The best medical technology can do now is to install artificial knee joints, a painful procedure that is not necessarily permanent. Even so, theres a multibillion-dollar market for knee replacements. And thanks to aging baby boomers and obesity, that market is projected to grow. The global knee replacement market brought in $6.9 billion in 2010, and is projected to reach nearly $11 billion by 2017.
DLima says several more years of work will be needed before his idea can be tried in people, but the main scientific challenges have been solved. Whats left is engineering. Instead of printing cartilage in a laboratory, DLima wants to print it directly into patients in the operating room.
Printing into the knee joint ensures a much closer fit between the new cartilage and existing cartilage than by attaching lab-grown cartilage that must be cut to fit, DLima said.
The cell-containing droplets are on the order of one picoliter, or one-billionth of a liter. Thats small enough to fill microscopic irregularities in the patients cartilage or bone.
It would be the equivalent of filling a pothole, he said. It would automatically fill the defect as youre printing it. Youre getting a fairly good mechanical integration into the tissue, which is very difficult for us to do when we do traditional transplants.
Another advantage would be that surgery could be done as needed.
We wouldnt have to store something off the shelf, DLima said. We wouldnt have to prepare it in advance, if it takes three to six weeks to make the tissue and plan for the day of surgery. All of this would be done on the day of surgery, on demand.
DLima brings expertise from a number of medical and research roles. Hes director of orthopedic research at Scripps Shiley Center for Orthopaedic Research and Education. Hes also an assistant professor in the division of arthritis research at The Scripps Research Institute and an associate professor at the Scripps Translational Science Institute, a unit of Scripps Health.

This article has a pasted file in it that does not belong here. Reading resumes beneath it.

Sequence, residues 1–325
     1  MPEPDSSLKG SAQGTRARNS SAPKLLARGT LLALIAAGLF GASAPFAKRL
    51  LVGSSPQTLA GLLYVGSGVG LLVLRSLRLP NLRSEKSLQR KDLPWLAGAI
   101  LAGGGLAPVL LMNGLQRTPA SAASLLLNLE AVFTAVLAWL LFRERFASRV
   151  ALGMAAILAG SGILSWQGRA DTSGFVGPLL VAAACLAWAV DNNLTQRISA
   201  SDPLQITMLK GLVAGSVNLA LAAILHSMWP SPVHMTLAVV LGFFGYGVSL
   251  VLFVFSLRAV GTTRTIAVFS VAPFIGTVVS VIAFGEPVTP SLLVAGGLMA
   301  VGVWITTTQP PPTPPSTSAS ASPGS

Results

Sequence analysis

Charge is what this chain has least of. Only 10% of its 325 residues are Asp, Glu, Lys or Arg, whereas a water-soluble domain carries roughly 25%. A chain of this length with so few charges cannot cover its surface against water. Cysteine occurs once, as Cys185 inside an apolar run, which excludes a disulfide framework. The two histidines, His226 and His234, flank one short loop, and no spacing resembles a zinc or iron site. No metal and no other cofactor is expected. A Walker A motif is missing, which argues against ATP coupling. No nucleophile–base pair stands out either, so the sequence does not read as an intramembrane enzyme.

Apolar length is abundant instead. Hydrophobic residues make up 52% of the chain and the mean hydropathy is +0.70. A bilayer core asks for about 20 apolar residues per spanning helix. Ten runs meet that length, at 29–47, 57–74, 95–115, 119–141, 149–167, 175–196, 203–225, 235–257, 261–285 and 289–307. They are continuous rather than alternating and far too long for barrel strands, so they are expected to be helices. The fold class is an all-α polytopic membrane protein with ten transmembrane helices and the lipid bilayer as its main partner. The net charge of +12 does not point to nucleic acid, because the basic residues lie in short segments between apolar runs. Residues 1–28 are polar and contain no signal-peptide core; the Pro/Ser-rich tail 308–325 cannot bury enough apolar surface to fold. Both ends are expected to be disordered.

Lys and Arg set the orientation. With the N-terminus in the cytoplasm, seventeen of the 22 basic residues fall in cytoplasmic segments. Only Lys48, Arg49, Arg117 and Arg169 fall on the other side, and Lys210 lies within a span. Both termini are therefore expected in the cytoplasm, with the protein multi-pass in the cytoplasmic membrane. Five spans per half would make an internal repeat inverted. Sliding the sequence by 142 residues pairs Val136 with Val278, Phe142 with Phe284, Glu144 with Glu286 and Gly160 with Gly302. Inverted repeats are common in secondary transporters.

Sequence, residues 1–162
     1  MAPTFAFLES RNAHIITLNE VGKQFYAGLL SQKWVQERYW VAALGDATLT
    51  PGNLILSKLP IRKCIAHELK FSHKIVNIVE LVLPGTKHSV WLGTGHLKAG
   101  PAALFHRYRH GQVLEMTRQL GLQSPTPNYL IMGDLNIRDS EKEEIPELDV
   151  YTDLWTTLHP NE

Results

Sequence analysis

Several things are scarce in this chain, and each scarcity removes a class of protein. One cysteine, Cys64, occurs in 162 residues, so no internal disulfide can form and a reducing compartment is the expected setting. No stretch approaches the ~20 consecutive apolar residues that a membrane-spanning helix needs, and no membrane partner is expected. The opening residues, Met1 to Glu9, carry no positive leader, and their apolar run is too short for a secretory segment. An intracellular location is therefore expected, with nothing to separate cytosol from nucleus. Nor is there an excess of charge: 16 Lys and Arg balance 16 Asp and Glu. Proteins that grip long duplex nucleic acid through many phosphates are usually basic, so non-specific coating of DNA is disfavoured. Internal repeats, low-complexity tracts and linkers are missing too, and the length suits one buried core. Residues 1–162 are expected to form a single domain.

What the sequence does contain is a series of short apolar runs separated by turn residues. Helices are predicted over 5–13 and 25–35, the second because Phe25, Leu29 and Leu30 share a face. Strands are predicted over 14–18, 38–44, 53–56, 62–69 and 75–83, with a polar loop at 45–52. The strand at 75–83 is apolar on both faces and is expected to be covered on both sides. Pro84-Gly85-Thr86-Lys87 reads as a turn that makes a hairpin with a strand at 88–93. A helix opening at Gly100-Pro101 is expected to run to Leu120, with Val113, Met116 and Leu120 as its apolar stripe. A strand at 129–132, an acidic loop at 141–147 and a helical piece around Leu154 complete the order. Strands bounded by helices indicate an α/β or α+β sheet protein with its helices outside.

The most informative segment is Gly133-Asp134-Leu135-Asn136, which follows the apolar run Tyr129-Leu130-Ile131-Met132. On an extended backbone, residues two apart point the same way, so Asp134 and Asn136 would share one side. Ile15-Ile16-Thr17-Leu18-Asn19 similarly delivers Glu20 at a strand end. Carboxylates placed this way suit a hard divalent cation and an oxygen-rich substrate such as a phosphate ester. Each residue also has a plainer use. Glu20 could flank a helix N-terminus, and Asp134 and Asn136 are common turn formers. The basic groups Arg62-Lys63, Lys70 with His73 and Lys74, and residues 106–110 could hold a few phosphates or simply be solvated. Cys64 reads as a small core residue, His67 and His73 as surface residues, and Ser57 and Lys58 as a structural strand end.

Cartilage is easier to bioprint because it lacks blood vessels, DLima said. The cells are nourished by diffusion through the surrounding fluid. That lack of blood supply is the reason cartilage has only a limited ability to repair itself.
Its complex enough that you need technology like 3D printing, but at the same time its not so complex that its extremely challenging, DLima said.
Moreover, the technology is somewhat agnostic as to which cells are used, he said. That means it might work with other types of cells.
Weve gotten interest from other researchers, wanting to print retinal cells, he said. The retina has some similarities to cartilage in that the photoreceptors and the neural cells of the retina dont require a blood supply. So we dont have to print microvasculature. And the retina is a mature tissue in that if you lose a photoreceptor, thats it. You dont grow a new one. So its fairly attractive for 3D printing.
y knees hope it works.
My guess right now is that the only thing he will accomplish is the wasting of tax dollars, just because wasting seems to be the main thing ever done with tax dollars.
y = My.
Maybe they can “bioprint” us some decent, moral people to run our government!
If it works I’m in. Left knee is trashed, can’t walk without pain the nexrt day.
Did you see the part about the retinas?
I did. All for it in either case. Unless they’re using embroyonic stem cells.
My guess is that it will be a decent fix for right now.
Printing up a true replacement equal to original cartilidge may be 5 years away but printing up a thin but respectable piece of cartilidge that lasts 3-4 years should be doable right now.
I think thick true replacement is hard, but thin temporary should be easy.
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Please, please let this be successful! My left knee is so bad and I cannot even think about a knee replacement!!!
You know, you think to yourself, what on earth can they come up with next? It seems like that have gone about as far as they can go, and then they come up with something like this.
Let’s hope it works! Apparently a Japanese company is perfecting a way to stimulate non-embryonic cells to “behave” like embryonic stem cells. Let’s pray that will end the use of embryonic stem cells once and for all.
Bad knee, hip, and L5 here. I’ll keep them until they go adult stem cell. I don’t even like them using this for the research portion.
“to research the use of embryonic stem cells and artificial embryonic stem cells to generate replacement cartilage.”